Summer stars shine bright — and briefly! — for Sondheim at Ravinia


By itself, the Chicago Symphony Orchestra, led by legendary Broadway conductor Paul Gemignani, playing Sondheim is something special. Add in multi Tony Award winners — and celebrated Sondheim interpreters — Patti LuPone, Audra McDonald, George Hearn and Michael Cerveris, and you have an evening made in musical theatre heaven.

This concert, billed as A Little Sondheim Music, was a reunion of sorts for the four — each has starred in multiple Ravinia productions of Sondheim works over the past ten years (Sweeney Todd, A Little Night Music, Sunday in the Park with George, Passion, Anyone Can Whistle and Gypsy). I was lucky to catch nearly all of these performances (except Sweeney, as it was before I moved to Chicago), and I’ve previously captured my memories here. These events were the highlight of my summers. So it was a special night for me to see these peerless performers back on Ravinia’s Pavilion stage to recreate some of the roles and numbers from those six iconic shows.

Things started off with a brassy overture, highlighting some of Sondheim’s showier numbers, including the overture to Merrily We Roll Along (which director Lonny Price starred in on Broadway in 1981) and “Side by Side” from Company. Then a familiar vamp started, and the four actors strolled onstage performing an aptly-selected “Together (Wherever We Go)” from Gypsy. (In a bright spot in the loosely directed evening, after Hearn sang “Whatever the row I hoe, you hoe,” LuPone fired back, “Who yah callin’ a ho?”)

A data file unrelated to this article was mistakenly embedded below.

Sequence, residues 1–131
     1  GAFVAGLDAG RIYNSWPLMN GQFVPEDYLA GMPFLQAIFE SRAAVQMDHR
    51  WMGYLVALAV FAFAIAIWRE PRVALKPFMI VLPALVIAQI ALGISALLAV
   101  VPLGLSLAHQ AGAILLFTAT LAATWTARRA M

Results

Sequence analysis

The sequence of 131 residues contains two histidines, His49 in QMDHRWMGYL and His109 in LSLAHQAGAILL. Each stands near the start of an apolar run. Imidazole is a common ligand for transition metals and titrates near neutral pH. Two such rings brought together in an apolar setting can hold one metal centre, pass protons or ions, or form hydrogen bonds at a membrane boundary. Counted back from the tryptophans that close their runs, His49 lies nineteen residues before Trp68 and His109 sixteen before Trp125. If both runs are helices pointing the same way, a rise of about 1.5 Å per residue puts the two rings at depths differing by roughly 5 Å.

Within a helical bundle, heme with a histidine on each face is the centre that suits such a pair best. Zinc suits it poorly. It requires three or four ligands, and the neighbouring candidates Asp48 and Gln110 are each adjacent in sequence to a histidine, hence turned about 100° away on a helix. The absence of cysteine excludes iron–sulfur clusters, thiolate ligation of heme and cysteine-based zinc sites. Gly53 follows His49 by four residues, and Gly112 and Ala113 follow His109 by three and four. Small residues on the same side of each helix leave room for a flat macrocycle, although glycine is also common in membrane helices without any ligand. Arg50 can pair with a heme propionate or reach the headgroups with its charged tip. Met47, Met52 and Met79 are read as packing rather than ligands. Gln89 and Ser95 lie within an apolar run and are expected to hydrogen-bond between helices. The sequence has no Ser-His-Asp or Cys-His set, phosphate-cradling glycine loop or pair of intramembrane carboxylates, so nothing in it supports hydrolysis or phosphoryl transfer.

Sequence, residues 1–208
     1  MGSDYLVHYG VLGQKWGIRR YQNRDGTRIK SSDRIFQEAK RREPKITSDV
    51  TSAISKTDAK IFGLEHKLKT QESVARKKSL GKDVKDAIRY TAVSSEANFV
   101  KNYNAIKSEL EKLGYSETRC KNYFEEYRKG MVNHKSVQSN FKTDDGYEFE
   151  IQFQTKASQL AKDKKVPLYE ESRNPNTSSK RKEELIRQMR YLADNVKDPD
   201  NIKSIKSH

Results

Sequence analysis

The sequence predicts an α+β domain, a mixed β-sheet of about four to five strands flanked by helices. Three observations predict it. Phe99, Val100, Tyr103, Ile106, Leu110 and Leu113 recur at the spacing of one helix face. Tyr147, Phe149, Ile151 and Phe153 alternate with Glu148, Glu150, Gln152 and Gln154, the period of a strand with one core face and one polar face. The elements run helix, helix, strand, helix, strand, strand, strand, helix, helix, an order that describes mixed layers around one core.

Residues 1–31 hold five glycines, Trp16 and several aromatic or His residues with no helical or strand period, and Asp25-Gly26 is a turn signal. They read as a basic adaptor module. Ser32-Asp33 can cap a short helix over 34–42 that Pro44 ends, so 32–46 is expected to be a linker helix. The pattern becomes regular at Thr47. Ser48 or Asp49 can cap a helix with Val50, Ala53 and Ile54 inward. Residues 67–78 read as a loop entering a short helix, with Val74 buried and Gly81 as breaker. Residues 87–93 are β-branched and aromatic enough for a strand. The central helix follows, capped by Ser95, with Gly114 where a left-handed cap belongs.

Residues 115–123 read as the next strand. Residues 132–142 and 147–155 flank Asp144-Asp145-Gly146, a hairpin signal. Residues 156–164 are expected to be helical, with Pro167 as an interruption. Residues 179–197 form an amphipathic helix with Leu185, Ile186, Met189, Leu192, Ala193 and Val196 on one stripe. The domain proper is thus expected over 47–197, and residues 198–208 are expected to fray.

Then some awkward and underrehearsed banter followed, where Cerveris warned the audience they may have trouble remembering those tricky Sondheim lyrics (they — specifically Cerveris — did, but only briefly). Cerveris then launched into “Finishing the Hat” from Sunday in the Park with George, and then was joined by McDonald for a soaring “Move On.”